The Portland Bureau of Planning and Sustainability has issued a document that rejects any immediate changes to the city policy allowing apartments without on-site parking. The bureau says there's no need for a building moratorium, and no rush on zoning rule changes or an increase in design review.
"The moratorium we don't think is defensible," chief planner Joe Zehnder tells WW, citing restrictions defined by state law. "Changing the zoning rules is definitely possible—six months to a year, depending on controversy."
The recommendation sets up a conflict between city planners and Mayor-elect Charlie Hales, who this summer suggested the moratorium idea to Division Street homeowners, and pledged to adjust the apartment zoning.
WW first report about the conflict in a cover story, "Block Busters," published Sept. 19, noting that Hales had been a champion of allowing new housing to be built without on-site parking when he served on the City Council a decade ago.
The planning bureau document accompanies a city study of apartments without on-site parking released last week. The study shows that most of the tenants in these buildings own cars, but street-parking congestion around the complexes remains low.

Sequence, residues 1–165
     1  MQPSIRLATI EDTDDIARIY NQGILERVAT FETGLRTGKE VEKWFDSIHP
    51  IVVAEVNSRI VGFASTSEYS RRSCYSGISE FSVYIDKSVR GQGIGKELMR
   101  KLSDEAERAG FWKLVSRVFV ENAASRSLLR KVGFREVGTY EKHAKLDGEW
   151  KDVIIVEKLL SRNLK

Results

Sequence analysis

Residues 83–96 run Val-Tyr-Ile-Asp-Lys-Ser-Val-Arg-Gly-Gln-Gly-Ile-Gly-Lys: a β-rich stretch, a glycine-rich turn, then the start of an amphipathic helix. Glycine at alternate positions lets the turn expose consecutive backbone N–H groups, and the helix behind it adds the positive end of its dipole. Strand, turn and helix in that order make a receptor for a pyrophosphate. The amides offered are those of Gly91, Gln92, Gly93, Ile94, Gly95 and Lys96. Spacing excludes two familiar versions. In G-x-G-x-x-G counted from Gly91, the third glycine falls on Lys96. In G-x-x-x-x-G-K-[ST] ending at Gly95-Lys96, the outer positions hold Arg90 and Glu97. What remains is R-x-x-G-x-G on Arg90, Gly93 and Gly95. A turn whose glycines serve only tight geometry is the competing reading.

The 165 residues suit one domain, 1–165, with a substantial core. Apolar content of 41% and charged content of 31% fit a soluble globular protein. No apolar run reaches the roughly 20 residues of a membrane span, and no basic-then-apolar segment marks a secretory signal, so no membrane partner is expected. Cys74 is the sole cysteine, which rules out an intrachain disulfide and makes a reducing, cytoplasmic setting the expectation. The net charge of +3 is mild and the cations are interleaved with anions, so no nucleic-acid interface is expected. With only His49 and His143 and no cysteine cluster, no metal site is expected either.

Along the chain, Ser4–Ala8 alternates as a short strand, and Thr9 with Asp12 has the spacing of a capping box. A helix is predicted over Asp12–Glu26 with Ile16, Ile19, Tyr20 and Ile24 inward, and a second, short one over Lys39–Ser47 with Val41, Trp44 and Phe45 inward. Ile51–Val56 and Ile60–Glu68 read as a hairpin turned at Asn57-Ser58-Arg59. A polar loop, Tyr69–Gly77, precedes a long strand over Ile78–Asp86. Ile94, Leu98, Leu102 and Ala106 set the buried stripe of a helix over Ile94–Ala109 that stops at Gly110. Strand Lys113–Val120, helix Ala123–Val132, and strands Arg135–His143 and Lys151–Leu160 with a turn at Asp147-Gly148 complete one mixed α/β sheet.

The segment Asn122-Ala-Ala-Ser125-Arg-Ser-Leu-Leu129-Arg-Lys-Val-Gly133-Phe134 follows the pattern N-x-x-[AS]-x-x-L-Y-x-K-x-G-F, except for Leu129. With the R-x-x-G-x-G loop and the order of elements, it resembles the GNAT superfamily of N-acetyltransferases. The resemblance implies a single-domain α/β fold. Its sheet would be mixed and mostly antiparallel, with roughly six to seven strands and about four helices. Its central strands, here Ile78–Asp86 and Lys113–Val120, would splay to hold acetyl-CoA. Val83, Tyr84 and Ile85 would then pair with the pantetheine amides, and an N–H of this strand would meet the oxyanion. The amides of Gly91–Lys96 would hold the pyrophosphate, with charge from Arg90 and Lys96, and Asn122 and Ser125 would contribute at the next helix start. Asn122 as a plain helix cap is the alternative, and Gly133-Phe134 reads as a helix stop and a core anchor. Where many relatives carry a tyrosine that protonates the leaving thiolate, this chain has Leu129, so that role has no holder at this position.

Homeowners in several neighborhoods across the east side of Portland demanded in September that City Council issue a moratorium blocking construction on these buildings.
The planning bureau's document says that's not going to happen.
"A compelling argument for pursuing a moratorium, rather than changes to zoning regulations through public planning processes, has not been established," the FAQ sheet reads. "Likewise no substantiated shortfall of water, sewer and transportation services is occurring or is documented to occur as a result of upcoming apartments with little or no parking. Therefore, justifying a public facilities moratorium is also infeasible."
The document then says that any immediate changes to zoning code aren't possible either—they'd be overturned by the state Land Use Board of Appeals. And it says tightening design review would require a bill in the state legislature.
The planning bureau says any changes in the rules will have to wait until the city's Comprehensive Plan Update next year.
"We do have a planning process underway where we can hash those out," Zehnder says. "If we do it right, it's best done as part of the Comprehensive Plan."
The clash between homeowner demands for immediate action and planners' desire for deliberation could reach a head today. The Planning and Sustainability Commission is holding a public forum at 1:30 pm at 1900 SW 4th Ave., Room 2500A.